“The Sonics haven’t been a team since I’ve been in the NBA. So just to go play in Seattle is cool,” Blazers star Damian Lillard said. “We played in Vancouver a few years back. I think like two or three years ago, we had a preseason game at the (Memorial) Coliseum. So every time we get to do something like that, I always enjoy it because I wondered what was it like when it was a real thing, when the games were played in these different arenas. So I am excited to play in Seattle.”

Someday, possibly soon, the expectations are that Seattle will reclaim its place as an NBA town.

“It’s always been a great city to me,” Clippers coach Tyronn Lue said Friday. “It’s unfortunate that they lost their team and the team went to OKC. This city definitely deserves a team.”

Speculation is nonstop about when the NBA will choose to expand. Thanks to the resolution of its arena situation, Seattle seems likely to be at the forefront of those expansion talks, with Las Vegas likely right behind it.

But NBA Commissioner Adam Silver has been noncommittal about a possible expansion timeline, and it seems likely those talks won’t pick up steam until the league deals with the new collective bargaining agreement and television deals that are on the horizon.

The community’s commitment has never been in question. The appetite of Seattle fans hasn’t waned in the years since the Sonics left and as the region became a hotbed for NBA talent, whether it was Crawford continuing to carry the banner for the city, to Zach LaVine of Renton, Washington, to this year’s No. 1 overall pick Paolo Banchero, another Seattle native.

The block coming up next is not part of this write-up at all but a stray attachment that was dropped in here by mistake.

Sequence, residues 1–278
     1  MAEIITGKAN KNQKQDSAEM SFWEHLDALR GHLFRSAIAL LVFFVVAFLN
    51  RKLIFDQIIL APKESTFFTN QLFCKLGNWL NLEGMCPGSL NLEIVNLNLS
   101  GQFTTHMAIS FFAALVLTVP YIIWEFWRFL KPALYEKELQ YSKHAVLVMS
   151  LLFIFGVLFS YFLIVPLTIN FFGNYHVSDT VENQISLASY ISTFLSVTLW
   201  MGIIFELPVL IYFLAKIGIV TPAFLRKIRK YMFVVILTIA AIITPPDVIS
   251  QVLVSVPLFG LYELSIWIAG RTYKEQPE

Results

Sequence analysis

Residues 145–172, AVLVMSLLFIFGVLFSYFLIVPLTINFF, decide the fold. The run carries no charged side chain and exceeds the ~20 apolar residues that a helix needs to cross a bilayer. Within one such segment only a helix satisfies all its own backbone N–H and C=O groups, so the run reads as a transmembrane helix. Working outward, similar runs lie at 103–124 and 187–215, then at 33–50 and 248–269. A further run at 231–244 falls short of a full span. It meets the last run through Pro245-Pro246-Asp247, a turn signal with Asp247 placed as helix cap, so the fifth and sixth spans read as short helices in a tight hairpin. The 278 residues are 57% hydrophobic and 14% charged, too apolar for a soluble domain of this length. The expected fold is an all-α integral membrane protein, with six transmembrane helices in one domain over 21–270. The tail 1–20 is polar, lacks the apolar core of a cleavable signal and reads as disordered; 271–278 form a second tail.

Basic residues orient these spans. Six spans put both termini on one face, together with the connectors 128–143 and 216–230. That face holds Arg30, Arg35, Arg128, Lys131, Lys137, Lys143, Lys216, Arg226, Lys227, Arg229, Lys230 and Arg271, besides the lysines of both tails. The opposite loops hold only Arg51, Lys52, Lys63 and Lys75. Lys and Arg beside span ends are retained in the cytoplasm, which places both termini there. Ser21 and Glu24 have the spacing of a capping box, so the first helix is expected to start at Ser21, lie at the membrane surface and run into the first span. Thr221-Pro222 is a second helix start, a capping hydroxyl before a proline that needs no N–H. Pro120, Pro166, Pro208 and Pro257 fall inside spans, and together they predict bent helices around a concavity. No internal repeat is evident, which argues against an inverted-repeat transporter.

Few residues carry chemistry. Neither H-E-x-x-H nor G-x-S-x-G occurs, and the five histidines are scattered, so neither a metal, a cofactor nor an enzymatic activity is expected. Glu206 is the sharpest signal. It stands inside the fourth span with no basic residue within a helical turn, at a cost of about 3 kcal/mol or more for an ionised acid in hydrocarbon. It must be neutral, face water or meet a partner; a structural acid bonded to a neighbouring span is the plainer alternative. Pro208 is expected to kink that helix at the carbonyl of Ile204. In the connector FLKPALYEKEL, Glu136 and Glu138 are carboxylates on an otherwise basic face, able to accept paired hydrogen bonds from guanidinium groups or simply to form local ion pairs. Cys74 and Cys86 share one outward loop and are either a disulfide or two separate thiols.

As if any reinforcement was needed, the summer provided a perfect example as fans camped overnight outside Crawford’s summer league venue for the chance to get inside and watch LeBron James make his first basketball visit to the city in more than a decade.

“Anyone that knows Seattle knows what a great basketball city we are,” Seattle Mayor Bruce Harrell said this summer when the preseason game was announced.

The idea for having the Blazers and Clippers meet in Seattle was the result of a brainstorm between Lue and Blazers coach Chauncey Billups. The two close friends wanted their teams to meet in the preseason and Lue noted the owners for both teams are Seattle based: Steve Ballmer of the Clippers and Jody Allen for the Blazers.

“I haven’t been back since I played there in 2008, I think it was. So just to be able to go back there and you know, Mr. Ballmer and kind of see his offices and how he lives, and (Chauncey) to get a chance to see his owner, and then to be with my best friend, I thought it would be a great common ground,” Lue said.